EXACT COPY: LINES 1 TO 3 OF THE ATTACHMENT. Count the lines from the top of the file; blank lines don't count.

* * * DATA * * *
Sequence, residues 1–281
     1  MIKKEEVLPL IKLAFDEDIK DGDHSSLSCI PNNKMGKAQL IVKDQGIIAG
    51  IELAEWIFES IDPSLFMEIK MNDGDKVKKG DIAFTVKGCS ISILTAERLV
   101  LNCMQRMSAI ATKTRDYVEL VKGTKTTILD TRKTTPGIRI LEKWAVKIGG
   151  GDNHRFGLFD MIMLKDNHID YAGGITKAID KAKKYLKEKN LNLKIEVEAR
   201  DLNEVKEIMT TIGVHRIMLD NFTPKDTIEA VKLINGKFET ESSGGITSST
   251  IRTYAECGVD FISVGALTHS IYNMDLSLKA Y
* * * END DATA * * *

Sequence, residues 1–281
     1  MIKKEEVLPL IKLAFDEDIK DGDHSSLSCI PNNKMGKAQL IVKDQGIIAG
    51  IELAEWIFES IDPSLFMEIK MNDGDKVKKG DIAFTVKGCS ISILTAERLV